Wednesday, November 19, 2014

Review: The Edge of Falling by Rebecca Serle

Title: The Edge of Falling
Author: Rebecca Serle
Publisher: Simon Pulse
Release date: March 18th 2014
Pages: 304
Genre: Young Adult contemporary
Source: Bought
Growing up in privileged, Manhattan social circles, Caggie’s life should be perfect, and it almost was until the day that her younger sister drowned when Caggie was supposed to be watching her. Stricken by grief, Caggie pulls away from her friends and family, only to have everyone misinterpret a crucial moment when she supposedly saves a fellow classmate from suicide. Now she’s famous for something she didn’t do and everyone lauds her as a hero. But inside she still blames herself for the death of her sister and continues to pull away from everything in her life, best friend and perfect boyfriend included. Then Caggie meets Astor, the new boy at school, about whom rumours are swirling and known facts are few. In Astor she finds someone who just might understand her pain, because he has an inner pain of his own. But the more Caggie pulls away from her former life to be with Astor, the more she realises that his pain might be darker, and deeper, than anything she’s ever felt. His pain might be enough to end his life…and Caggie’s as well.
My rating: 4 out of 5 stars

Like the rest of the blogosphere, I loved Rebecca Serle's debut, When You Were Mine, so I was very excited for another novel by the author. And luckily, Rebecca Serle did not disappoint - her writing is amazing, and I loved The Edge of Falling just as much as When You Were Mine!

I loved Caggie's voice throughout the story. She speaks very directly to the reader, which I'm not usually a fan of, since it can easily turn preachy or be used as a cop-out to give way too much backstory when it's not needed, etc. But Rebecca Serle totally made it work; scenes that could have been boring were somehow fascinating because Caggie's voice drew me in so completely. Caggie's voice feels so real and honest, and it presents the story in an entertaining and captivating way. Even though she makes some bad decisions, I felt for Caggie throughout the story. Her grief is heartfelt and honest, and I understood her even at her worst.

The secondary characters are good, too, for the most part. Caggie's parents' withdrawal and absence is kind of the point and an important part of the story, but I still wish we had gotten a bit more insight into their characters. While we do get to know Hayley, Caggie's little sister for whose death she blames herself, very well, I wish she hadn't been idealized quite as much, even if it makes sense for the way Caggie is grieving. I did really like Peter, Caggie's older brother, as well as her best friend Claire. (Can Claire get her own story, please? Her life sounds like the kind of intense I'd love to read about.) There's also a love triangle in The Edge of Falling, but before you run away screaming - this one actually works! This one feels very authentic and makes sense within the story. The relationships with both guys are very well-done, even though I wish the developments between Caggie and Astor hadn't come quite as quickly and had been explored in more depth.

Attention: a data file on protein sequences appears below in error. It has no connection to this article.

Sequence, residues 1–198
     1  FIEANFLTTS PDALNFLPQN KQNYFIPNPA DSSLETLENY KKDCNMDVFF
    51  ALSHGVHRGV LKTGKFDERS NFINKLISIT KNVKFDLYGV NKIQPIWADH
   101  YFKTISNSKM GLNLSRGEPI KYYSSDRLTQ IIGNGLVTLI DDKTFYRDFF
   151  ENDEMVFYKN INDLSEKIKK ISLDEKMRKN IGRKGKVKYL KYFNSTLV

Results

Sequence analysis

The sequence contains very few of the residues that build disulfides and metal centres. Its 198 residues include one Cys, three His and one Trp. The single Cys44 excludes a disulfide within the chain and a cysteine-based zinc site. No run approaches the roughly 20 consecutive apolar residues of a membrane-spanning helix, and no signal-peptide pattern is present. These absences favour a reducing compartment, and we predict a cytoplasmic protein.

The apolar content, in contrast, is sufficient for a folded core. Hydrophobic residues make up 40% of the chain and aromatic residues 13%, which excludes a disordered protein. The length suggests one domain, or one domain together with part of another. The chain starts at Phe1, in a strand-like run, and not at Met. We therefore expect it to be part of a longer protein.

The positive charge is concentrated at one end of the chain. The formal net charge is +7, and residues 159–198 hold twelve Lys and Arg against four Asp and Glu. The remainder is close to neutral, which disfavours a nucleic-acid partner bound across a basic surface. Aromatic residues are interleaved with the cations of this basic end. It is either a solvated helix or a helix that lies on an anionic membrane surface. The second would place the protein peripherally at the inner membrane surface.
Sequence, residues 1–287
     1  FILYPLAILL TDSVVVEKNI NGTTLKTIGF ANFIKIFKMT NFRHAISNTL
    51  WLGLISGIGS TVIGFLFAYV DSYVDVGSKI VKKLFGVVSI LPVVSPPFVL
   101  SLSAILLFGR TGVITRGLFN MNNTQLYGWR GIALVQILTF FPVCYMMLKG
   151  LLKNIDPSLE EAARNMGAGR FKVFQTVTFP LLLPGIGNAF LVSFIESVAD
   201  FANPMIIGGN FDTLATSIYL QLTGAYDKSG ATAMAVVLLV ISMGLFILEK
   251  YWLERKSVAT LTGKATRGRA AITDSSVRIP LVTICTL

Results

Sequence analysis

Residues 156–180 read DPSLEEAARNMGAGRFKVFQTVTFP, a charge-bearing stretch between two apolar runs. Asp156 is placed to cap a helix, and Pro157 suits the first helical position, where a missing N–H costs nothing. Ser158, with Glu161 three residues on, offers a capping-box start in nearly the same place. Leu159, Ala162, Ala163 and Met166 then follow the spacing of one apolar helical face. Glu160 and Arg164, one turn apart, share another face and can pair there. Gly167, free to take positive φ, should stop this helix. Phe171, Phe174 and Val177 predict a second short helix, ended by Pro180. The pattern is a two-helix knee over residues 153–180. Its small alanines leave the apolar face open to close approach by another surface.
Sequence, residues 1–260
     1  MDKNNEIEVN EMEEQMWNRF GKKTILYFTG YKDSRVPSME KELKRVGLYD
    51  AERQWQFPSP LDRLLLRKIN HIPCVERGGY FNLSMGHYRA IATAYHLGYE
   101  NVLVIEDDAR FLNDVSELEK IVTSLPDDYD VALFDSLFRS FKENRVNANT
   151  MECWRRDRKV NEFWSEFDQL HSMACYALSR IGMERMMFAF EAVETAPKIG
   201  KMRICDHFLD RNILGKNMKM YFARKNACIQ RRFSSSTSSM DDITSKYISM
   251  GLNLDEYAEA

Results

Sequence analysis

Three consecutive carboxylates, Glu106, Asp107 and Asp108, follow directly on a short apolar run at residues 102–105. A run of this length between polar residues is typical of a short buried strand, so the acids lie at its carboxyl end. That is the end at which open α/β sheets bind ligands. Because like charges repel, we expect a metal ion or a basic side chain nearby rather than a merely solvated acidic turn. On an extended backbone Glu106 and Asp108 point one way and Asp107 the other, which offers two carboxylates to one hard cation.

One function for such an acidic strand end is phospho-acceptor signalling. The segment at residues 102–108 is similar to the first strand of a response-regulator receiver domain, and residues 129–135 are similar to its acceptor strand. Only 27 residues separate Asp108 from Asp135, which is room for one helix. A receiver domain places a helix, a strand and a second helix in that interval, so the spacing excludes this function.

I also loved the NYC setting. This felt a bit like a guilty pleasure, since The Edge of Falling is very much about the elite upper class society of New York, reminding me of the Gossip Girl series, and all those other rich-white-people stories I loved when I was 12. And even though I now realize that over-representation of the upper class in fiction, as well as The Edge of Falling's failure to discuss the issue of class in any meaningful way, is problematic, I couldn't help but love Caggie's descriptions of her life in the city. It might just be because I have some kind of weird obsession with New York City, but I loved how perfectly Caggie's voice captures the feel of the city. I especially loved Caggie's game of walking around in the city, and just going in the direction where the walk sign is on whenever she gets to an intersection and seeing where it brought her - I really want to try this one day.

One issue I had with The Edge of Falling is the lack of suspense. I don't really mind that it's predictable, because (in my opinion) a character-driven about overcoming grief doesn't really need unpredictable plot twists to be a good novel. But Caggie has some secrets about what happened when she "saved" her classmate who was trying to kill herself that could have easily been revealed in a surprising way towards the end. While we don't find out the details of what exactly happened that night until close to the end, it's mentioned in passing many times before than, so there is no element of surprise. Again, I don't think this story necessarily needs a plot twist like that, but since we already have this secret, I wish it had been utilized more to create a surprising revelation at some point in the novel.

I absolutely loved The Edge of Falling. Rebecca Serle perfectly balances beautiful writing that makes you stop and think with intriguing, relatable characters that move the story along. The Edge of Falling is an entertaining yet thought-provoking read that I definitely recommend. I can't wait to read more by this author!

Friday, November 14, 2014

Review: Some Boys by Patty Blount

Title: Some Boys
Author: Patty Blount
Publisher: Sourcebooks Fire